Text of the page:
American Journal of Analytical Chemistry
Vol.5 No.3(2014), Article ID:43227,4 pages DOI:10.4236/ajac.2014.53026

Optimization of Quantitative Analysis of Naproxin Sodium Using UV Spectrophotometery in Different Solvent Mediums

Muhammad Hashim Zuberi1,2,3*, Urooj Haroon1,2, Yasmin BiBi2, Talat Mehmood2, Iffat Mehmood2

1Department of Chemistry, University of Karachi, Karachi, Pakistan

2Department of Chemistry, Federal Urdu University for Arts, Science and Technology, Karachi, Pakistan

3Department of Environmental Science, Sindh Madressatul Islam University, Karachi, Pakistan

Email: *

Copyright © 2014 Muhammad Hashim Zuberi et al. This is an open access article distributed under the Creative Commons Attribution License, which permits unrestricted use, distribution, and reproduction in any medium, provided the original work is properly cited. In accordance of the Creative Commons Attribution License all Copyrights © 2014 are reserved for SCIRP and the owner of the intellectual property Muhammad Hashim Zuberi et al. All Copyright © 2014 are guarded by law and by SCIRP as a guardian.

Received November 14, 2013; revised December 19, 2013; accepted December 27, 2013


Naproxen Sodium; UV Spectrophotometry; Pharmaceutical Analysis


A new rapid, simple and reproducible UV spectrophotometric method was developed and validated for the estimation of Naproxen Sodium (NpSd) in bulk and pharmaceutical formulation. The quantification of NpSd was done at 230 nm in methanol and in buffer of pH 6.8 and 9. Beer’s law was obeyed in the concentration range of 4 - 36 (r2 = 0.999) in methanol and 5 - 25 μgmL−1 in buffer of pH 6.8 and 9 (r2 = 0.988 and 0.997) respectively. The apparent molar absorptivity values were also calculated in all mediums. All parameters according to ICH guideline were tested and validated. The detection and quantitation limits were found to be 0.054, 0.083, 0.073 and 0.181, 0.251, 0.211 μgmL−1 respectively. These methods were applied directly to the analysis of the pharmaceutical tablet preparations (Anex® tablet 250 mg). The results demonstrated that the procedure is accurate, precise and reproducible (relative standard deviation < 3%), while being simple, cheap and less time consuming and hence can be suitably applied for the estimation of NpSd in dosage forms and dissolution studies.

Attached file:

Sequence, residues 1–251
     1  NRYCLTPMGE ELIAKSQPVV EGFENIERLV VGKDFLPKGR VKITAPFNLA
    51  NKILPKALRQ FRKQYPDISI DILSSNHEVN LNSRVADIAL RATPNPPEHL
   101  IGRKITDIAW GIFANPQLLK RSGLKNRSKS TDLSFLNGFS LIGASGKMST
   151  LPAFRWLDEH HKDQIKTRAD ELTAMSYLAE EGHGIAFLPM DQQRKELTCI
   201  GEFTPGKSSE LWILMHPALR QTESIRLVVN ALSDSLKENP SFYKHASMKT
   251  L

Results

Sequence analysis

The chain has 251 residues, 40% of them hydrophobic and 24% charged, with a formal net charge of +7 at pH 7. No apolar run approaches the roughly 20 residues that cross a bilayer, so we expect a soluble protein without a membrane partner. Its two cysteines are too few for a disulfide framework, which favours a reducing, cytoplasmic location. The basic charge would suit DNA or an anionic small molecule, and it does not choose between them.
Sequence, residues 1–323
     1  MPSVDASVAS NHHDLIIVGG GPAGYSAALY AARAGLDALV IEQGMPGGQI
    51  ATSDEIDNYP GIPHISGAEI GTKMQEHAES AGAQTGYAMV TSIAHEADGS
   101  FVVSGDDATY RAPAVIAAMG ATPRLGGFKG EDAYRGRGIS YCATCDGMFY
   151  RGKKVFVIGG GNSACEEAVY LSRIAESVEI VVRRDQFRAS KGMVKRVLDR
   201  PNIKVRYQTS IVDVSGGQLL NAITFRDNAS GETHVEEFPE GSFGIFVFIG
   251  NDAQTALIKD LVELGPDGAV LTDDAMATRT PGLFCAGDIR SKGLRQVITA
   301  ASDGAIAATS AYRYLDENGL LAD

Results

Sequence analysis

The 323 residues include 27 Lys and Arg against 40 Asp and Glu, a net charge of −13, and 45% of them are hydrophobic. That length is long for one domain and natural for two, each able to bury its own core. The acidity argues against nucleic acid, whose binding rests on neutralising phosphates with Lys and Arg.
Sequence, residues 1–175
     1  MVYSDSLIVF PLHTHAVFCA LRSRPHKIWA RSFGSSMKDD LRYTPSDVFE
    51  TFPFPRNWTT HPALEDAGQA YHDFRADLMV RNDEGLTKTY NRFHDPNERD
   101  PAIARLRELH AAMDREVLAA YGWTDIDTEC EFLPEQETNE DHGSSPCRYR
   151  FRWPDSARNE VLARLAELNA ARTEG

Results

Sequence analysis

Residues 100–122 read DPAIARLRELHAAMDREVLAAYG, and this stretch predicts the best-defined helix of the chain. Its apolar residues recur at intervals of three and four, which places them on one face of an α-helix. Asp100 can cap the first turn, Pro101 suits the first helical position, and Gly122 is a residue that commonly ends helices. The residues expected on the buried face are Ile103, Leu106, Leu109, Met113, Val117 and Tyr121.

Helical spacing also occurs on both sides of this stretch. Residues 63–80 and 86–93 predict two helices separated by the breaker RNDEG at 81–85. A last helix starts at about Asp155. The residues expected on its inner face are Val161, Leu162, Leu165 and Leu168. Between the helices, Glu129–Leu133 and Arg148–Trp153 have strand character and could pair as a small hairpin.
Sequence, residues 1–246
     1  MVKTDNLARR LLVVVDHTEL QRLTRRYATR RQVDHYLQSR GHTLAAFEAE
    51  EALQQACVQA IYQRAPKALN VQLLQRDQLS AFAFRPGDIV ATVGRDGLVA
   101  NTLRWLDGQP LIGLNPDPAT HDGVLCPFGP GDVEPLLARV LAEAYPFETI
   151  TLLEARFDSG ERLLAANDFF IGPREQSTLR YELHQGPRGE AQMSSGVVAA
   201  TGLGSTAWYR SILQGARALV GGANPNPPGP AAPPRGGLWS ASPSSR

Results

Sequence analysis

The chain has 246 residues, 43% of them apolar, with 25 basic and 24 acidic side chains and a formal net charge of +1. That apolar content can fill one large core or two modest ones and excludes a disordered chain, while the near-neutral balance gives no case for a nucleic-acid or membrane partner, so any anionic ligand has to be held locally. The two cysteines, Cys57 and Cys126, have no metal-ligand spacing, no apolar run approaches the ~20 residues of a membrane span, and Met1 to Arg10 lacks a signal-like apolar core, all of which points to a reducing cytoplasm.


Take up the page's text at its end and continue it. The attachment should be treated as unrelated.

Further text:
1. Introduction

Naproxen (NpSd), a non-steroidal anti-inflammatory drug, is chemically [(+)-2-(6-methoxy-2-naphthyl) propionic acid with anti-inflammatory, analgesic and antipyretic properties, commonly used in the treatment of rheumatoid arthritis and other rheumatic or musculoskeletal disorders, dysmenorrhea and acute gout (Figure 1). It is often preferred to acetylsalicylic acid (aspirin) because of its better absorption following oral administration and poses fewer adverse effects. It works by inhibition of both the COX-1 and COX-2 enzymes with consequent decrease in prostaglandin concentrations in various fluids and tissues. Anti-inflammatory effects of NpSd are generally thought to be related to its inhibition of cyclooxygenase and formulated in tablets or suppositories, it

Figure 1. Naproxen sodium.

is used in the treatment of rheumatoid arthritis and other rheumatic or musculoskeletal disorders, dysmenorrhea and acute gout [1].

Naproxen in commercial formulations has been determined by coulometry [2], UV spectrophotometry [3-6], heavy atom-induced room temperature phosphorescence [7], UPLC [8] and high-performance liquid chromatography (HPLC) [9-14]. Present paper was undertaken with the aim to develop an accurate, simple and reliable UV method for estimation of naproxen API and applied to commercial formulations. These studies were performed in different pH environments: simulated gastric juice (0.1 N HCl) and simulated intestinal environment (pH 6.8 and 9). A detailed survey of analytical literature reveals that there is no UV spectrophotometric study on NpSd in different pH mediums simulating human body compartments. The results obtained were validated as the ICH guidelines i.e. Lambert and Beer’s law validation, accuracy, precision, limits of detection and quantification. The proposed method is successfully applied for the analysis of the drug in bulk form and its pharmaceutical formulation. The results were in good agreement with those obtained by the official and reported methods.

2. Experimental

2.1. Instruments

Shimadzu 1801 double beam UV-visible spectrophotometer possessing a fixed slit width (2 nm) with quartz cells of 10-mm (1.0 cm) cell path length connected to a P-IV computer loaded with Shimadzu UVPC version 3.9 software and a HP Desk Jet 1200 printer were used to record the absorption spectra.

2.2. Preparation of Solutions

Three different stock solutions of NpSd reference standard (100 μg∙mL−1) were prepared by dissolving 10 mg of NpSd in 100 mL of methanol, phosphate buffer of pH 6.8 and 9. Aliquot was diluted to a concentration range 4 - 36 μg∙mL−1 in methanol and 5 - 25 μg∙mL−1 all above mediums. Anex® tablets (PharmEvo (Pvt) Ltd.) were purchase from local market each containing 250 mg of NpSd. Twenty tablets were weighed to obtain mean tablet weight, then were crushed to powder and preceded in the same way. The NpSd solutions were scanned in the UV region and were quantified at 230 nm in methanol and buffer of pH 6.8 and 9, respectively.